The SD Times 100 is about innovation and leadership. While every project and organization in the SD Times 100 list meets those criteria, there are a few that, through the work they accomplished in 2011, were able to shift an entire industry toward a platform, methodology, emerging standard or even way of thinking. This list includes many of the major players in the software industry, as one would expect, as well as some perhaps surprising newcomers.
Apache Software Foundation
World Wide Web Consortium
The benefits of cloud computing—reduction of costs in terms of hardware, people and utilities; ease of instantiation—are by now well understood, thanks to the efforts of these organizations in 2011. The *-as-a-Service model also appeals to companies that want to “pay as they go” for software and platform use. Here are the early leaders in an industry shift—and paradigm shift—into the cloud.
With smartphones everywhere, and tablets catching up quickly, enterprise development teams are increasingly faced with the task of getting their organizations’ applications out into the field. Mobile is more than operating systems, though; platforms for “write once, run on any device” are springing up. This category recognizes the companies and projects that are working to define the mobile experience.
Like peanut butter and jelly, ALM & SCM are becoming inseparable. Application life-cycle management has expanded to include such things as agile development, product-line management and application performance. Yet it all begins with managing the codebase. These are the companies that make the tools that help enterprises stay current with industry changes and customer requests, and help them take advantage of new opportunities.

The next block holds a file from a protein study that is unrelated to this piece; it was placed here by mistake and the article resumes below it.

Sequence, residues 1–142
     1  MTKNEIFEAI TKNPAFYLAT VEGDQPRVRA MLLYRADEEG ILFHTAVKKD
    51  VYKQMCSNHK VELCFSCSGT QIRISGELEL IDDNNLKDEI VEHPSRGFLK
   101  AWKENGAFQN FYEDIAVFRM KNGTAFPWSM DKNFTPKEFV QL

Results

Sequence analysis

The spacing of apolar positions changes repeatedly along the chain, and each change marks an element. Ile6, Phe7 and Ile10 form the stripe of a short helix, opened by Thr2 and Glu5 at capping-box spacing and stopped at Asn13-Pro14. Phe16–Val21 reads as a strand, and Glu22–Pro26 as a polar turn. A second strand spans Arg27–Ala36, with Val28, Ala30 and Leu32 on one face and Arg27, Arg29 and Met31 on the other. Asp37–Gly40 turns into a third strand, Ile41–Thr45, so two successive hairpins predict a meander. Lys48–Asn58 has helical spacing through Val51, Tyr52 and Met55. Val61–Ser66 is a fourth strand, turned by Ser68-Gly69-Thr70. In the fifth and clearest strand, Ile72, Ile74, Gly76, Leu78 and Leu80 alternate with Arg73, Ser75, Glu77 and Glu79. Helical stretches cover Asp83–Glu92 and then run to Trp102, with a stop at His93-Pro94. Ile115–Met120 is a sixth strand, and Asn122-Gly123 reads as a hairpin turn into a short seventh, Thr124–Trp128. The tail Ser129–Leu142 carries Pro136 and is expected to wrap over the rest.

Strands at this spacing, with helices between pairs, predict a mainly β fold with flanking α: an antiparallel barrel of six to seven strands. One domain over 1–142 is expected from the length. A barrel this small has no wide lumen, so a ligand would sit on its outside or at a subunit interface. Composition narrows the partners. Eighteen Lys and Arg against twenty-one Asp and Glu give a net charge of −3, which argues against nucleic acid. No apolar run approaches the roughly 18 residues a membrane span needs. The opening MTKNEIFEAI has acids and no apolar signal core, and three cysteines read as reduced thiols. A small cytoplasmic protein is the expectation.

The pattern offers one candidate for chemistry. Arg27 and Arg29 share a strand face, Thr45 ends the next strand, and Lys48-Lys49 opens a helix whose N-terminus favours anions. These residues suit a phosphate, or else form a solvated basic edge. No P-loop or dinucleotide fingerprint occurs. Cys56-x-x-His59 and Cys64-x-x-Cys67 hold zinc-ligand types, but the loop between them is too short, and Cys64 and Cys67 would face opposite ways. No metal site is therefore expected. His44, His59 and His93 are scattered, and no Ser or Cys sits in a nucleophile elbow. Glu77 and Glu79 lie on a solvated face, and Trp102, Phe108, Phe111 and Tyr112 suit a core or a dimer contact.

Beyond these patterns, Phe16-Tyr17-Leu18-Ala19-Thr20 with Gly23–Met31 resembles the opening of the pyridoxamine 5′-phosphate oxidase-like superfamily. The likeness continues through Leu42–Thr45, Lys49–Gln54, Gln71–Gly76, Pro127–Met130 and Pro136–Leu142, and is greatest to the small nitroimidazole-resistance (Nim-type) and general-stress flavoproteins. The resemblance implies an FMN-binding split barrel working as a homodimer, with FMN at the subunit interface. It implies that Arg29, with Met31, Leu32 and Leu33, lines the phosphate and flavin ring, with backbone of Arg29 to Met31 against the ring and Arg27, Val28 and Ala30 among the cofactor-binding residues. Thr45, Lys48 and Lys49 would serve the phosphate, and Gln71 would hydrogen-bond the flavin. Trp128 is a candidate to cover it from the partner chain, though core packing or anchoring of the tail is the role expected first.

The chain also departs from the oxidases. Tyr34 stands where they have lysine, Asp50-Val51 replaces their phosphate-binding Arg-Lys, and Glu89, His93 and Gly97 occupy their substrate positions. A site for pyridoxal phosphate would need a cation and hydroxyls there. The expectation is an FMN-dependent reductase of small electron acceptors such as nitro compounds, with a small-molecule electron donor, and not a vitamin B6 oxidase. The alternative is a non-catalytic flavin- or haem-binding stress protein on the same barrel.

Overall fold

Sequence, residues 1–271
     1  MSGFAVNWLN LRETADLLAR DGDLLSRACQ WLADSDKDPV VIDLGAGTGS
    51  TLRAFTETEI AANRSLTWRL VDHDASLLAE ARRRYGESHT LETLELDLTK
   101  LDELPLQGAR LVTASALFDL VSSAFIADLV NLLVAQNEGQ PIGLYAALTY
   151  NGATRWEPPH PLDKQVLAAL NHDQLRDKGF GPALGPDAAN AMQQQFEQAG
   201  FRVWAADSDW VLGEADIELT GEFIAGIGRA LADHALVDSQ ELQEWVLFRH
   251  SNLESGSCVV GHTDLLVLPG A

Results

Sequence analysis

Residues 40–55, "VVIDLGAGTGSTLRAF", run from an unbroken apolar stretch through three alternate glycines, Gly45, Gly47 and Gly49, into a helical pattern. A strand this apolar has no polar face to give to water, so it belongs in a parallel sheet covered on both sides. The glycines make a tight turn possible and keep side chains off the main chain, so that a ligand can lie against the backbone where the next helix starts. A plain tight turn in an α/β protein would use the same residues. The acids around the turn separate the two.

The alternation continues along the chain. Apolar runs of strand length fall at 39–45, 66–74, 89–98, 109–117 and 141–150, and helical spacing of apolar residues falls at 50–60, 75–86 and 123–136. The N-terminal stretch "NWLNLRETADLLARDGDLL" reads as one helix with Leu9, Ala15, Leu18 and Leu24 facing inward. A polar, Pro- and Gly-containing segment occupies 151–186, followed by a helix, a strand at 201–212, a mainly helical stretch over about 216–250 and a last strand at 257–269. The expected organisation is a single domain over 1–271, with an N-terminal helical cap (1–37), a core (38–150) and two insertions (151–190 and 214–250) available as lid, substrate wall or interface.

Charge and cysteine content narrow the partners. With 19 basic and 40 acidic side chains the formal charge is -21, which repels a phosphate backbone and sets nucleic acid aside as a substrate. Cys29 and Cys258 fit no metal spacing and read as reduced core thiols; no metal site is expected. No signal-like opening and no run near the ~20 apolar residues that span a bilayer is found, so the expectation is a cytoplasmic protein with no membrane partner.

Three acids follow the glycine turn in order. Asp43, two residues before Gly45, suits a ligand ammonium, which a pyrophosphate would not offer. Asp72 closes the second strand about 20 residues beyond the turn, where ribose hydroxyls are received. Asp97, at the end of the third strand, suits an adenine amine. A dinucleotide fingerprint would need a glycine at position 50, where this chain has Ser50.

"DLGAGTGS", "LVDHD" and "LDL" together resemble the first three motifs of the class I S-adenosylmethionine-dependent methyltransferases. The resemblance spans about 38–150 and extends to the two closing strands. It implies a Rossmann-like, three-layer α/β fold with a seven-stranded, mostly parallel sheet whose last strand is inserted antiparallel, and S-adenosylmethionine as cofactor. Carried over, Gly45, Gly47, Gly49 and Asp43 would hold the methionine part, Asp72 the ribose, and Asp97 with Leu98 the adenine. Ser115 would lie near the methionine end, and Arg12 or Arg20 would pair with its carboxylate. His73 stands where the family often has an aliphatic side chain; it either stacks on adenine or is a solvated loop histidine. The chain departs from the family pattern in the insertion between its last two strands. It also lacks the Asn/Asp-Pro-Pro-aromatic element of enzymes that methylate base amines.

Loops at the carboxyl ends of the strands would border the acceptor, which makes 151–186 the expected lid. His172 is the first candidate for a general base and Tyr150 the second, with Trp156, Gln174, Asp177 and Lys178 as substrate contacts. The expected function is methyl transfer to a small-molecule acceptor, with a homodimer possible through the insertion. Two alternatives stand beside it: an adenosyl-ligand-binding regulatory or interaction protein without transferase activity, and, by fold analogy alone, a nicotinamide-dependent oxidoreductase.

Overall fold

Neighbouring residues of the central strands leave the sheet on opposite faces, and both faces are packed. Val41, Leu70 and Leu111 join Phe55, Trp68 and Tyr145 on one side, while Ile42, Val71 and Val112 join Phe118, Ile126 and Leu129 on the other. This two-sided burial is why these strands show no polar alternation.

With the emergence of cloud computing, issues of security—both of code and identity—have again taken center stage. It’s one thing to test the components you have created for your application; it’s been a leap of faith when those applications rely on external services or hardware. Will my assets be secure? Will my applications perform as expected? We recognize the companies that have taken leadership positions in this area.
This category, formerly known as “Tools & Frameworks,” recognizes the companies that create the building blocks from which applications are created. These companies make assembling and styling applications easier than ever with their offerings of grids, drop-down lists, buttons, ribbons, and a whole lot more.
Data. It’s what businesses gather and consume to stay alive. Some databases reside behind the organization’s firewall, and some reside in clouds. Some are caches that hold data outside the database, and some hold unstructured data of varying types: Word files, images, tweets and more. The key for a developer is to build the integrations that let applications access this data, and this category recognizes the companies and projects that just plain get it when it comes to databases, and how to connect them to ever-expanding, ever-changing endpoints.
In this new category, the editors of SD Times recognize that the way development is done today has changed from how software was created only a decade ago. No longer do projects take 18 months, with features locked down a year before final delivery. Software today is built in rapid iterations, with continuous builds and integration into the product for multiple updates per year. Here, we recognize the companies and projects that make the tools that enable this to happen.
Another new category for 2012, “user experience” has become the latest buzzword to become top of mind. Whether the user of your application is accessing it on his or her desktop, via a browser on a tablet, or as a smartphone application, he or she comes to the app with expectations of how it will work. It’s not just about mouse clicks anymore; now it’s slide bars and haptic technologies, and leveraging the new underlying hardware. Here are the companies on the leading edge of user experience.
TX Text Control
The keys to any service architecture are connectivity and information exchange. From CORBA to ESBs and from SOAP to RESTful APIs, organizations need the ability to expose such things as order forms and inventory information to their partners, and to collect and use the updated information, electronically and automatically. The companies that are leading the way are recognized here.